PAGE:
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What disadvantages did Catholics face in Northern Ireland in the mid 60's.

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Introduction

What disadvantages did Catholics face in Northern Ireland in the mid 60's. In Northern Ireland during the 60's Catholics faced a lot of disadvantages, in areas of Employment, Education, Housing, and Politics; there is evidence that even the Police Force was biased in favour of the Protestant community. Employment was a major area in which Catholics faced discrimination. Protestants held most of the civil service, government and local government posts in Northern Ireland and even if a catholic did get employment, many would simply feel too uncomfortable in the midst of all the Protestants. The main companies were privately owned and although anti-catholic prejudice was often suspected among foremen or personal managers, it was a hard thing to prove. One fact that can be confirmed however is that, of 10,000 workers in a Belfast shipyard (the biggest single source of employment in the city), just 400 were Catholic. ...read more.

Middle

"....you learned very quickly from the other children at school that Catholics couldn't get jobs in a whole range of occupations." In the 1960's the government built a new city called Craigavon in the county of Derry, but only built 5 Catholic schools, despite the fact that 48% of children in Northern Ireland were Catholics. This discouraged Catholics from moving there. This would cause them to move elsewhere where there was less prejudice and they could start building foundations. However this had a dreadful affect on the housing and living conditions. In some cases, Catholic families were bunched up, 3 families to a house. Following a massive slum clearance effort in the post-war years, when N. Ireland was experiencing a genuine period of economic prosperity, Catholics believed that council houses were being unfairly allotted to Protestant families rather than on the basis of need. ...read more.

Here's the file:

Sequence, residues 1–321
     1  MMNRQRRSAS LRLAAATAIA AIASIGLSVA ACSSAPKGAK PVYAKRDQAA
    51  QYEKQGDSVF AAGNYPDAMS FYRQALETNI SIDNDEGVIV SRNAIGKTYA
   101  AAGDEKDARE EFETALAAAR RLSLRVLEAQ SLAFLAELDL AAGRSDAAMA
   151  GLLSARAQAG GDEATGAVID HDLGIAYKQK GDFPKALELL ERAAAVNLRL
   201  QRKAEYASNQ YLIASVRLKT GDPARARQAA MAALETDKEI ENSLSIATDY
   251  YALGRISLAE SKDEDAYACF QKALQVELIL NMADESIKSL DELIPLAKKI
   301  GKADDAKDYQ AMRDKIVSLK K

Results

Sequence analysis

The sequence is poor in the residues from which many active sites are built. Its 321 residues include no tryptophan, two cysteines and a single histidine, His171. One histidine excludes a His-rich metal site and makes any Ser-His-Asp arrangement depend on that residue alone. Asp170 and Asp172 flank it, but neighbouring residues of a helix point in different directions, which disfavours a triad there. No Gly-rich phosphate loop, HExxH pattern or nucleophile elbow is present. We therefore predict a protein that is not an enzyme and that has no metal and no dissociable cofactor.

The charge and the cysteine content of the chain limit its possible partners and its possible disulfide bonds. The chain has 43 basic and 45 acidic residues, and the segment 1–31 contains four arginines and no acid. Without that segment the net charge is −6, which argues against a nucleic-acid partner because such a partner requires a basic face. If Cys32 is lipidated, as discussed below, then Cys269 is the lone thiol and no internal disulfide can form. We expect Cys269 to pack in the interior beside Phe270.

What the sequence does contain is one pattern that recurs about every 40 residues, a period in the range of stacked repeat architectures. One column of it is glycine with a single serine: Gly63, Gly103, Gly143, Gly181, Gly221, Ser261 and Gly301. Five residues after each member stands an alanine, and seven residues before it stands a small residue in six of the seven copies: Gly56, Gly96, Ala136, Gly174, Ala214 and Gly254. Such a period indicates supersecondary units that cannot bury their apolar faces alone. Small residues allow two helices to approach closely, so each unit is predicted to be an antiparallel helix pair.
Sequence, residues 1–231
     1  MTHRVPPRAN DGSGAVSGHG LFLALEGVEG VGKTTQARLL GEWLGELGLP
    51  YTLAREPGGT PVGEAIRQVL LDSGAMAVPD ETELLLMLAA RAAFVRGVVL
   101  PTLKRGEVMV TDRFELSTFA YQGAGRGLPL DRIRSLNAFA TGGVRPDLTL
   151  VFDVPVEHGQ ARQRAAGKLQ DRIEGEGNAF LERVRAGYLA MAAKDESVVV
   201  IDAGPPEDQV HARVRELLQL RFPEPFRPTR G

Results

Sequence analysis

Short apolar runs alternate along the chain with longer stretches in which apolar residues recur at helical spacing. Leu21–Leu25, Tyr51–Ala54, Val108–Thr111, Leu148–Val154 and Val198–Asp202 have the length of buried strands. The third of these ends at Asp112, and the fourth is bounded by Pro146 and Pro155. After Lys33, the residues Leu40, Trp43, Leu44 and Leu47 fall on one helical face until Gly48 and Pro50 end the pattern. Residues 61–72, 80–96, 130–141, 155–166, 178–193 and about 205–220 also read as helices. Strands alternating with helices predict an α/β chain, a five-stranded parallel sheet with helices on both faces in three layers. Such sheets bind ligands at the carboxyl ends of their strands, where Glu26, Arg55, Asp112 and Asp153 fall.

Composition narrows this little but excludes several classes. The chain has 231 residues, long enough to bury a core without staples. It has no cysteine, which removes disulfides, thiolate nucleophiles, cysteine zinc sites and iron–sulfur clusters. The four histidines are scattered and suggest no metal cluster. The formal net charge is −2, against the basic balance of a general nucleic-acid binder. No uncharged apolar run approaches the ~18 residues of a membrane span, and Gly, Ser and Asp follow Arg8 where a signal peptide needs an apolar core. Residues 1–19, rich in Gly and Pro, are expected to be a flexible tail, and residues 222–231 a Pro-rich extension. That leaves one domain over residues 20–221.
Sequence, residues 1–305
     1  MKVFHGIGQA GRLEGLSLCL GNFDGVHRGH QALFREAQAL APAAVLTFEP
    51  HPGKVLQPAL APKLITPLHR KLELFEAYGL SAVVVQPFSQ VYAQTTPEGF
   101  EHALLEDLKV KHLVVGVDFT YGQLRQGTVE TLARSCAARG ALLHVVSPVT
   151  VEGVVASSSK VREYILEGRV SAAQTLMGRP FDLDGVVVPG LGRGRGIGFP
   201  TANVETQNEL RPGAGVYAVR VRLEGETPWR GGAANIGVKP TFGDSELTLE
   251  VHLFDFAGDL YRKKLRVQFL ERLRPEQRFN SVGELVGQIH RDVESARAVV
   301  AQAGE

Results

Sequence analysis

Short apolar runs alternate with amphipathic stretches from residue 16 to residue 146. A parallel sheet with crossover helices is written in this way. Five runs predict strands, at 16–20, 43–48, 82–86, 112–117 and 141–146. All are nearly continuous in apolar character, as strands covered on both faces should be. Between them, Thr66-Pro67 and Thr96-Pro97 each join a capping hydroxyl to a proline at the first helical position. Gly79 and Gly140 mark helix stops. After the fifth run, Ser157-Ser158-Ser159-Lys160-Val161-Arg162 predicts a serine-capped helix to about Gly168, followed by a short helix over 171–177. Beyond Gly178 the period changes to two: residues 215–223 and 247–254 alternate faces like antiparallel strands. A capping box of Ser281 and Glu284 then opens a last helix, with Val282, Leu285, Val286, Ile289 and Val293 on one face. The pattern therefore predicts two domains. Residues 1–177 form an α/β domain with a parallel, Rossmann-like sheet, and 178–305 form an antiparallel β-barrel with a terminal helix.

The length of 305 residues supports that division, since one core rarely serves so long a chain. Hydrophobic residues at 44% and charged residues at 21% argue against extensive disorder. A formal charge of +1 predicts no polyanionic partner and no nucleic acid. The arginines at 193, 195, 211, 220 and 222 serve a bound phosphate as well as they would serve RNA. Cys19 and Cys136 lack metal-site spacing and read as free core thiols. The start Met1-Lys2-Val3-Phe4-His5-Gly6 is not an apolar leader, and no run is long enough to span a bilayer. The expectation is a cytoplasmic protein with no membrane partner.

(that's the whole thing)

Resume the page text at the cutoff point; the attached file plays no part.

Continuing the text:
Conclusion

The Police in Northern Ireland were 99.9% Protestant and extremely biased and violent towards Catholics, they would attack innocent Catholics for no reason. The 'B-Specials' were created - this was a Protestant unit within the police. They were called in by the Unionists, to act like a police force/army. Catholic marches were banned. Student demonstrations ended up in violence. They treated Catholic civilians harshly which increased hatred between the two religious groups. Only 14.5% of Catholics were in the police force but they formed 40% of Northern Ireland's population. In conclusion there were many differences between Catholics and Protestants in the 1960s. Most of these differences were in opinion and in Politics. Nationalist politicians were always out numbered by Unionist politicians in large Nationalist areas. Therefore, Catholics could not have their views expressed and always lost out if it came to a majority vote. This unfair treatment halted progress to achieve peace in Northern Ireland and they are still trying to achieve peace to this day. ...read more.

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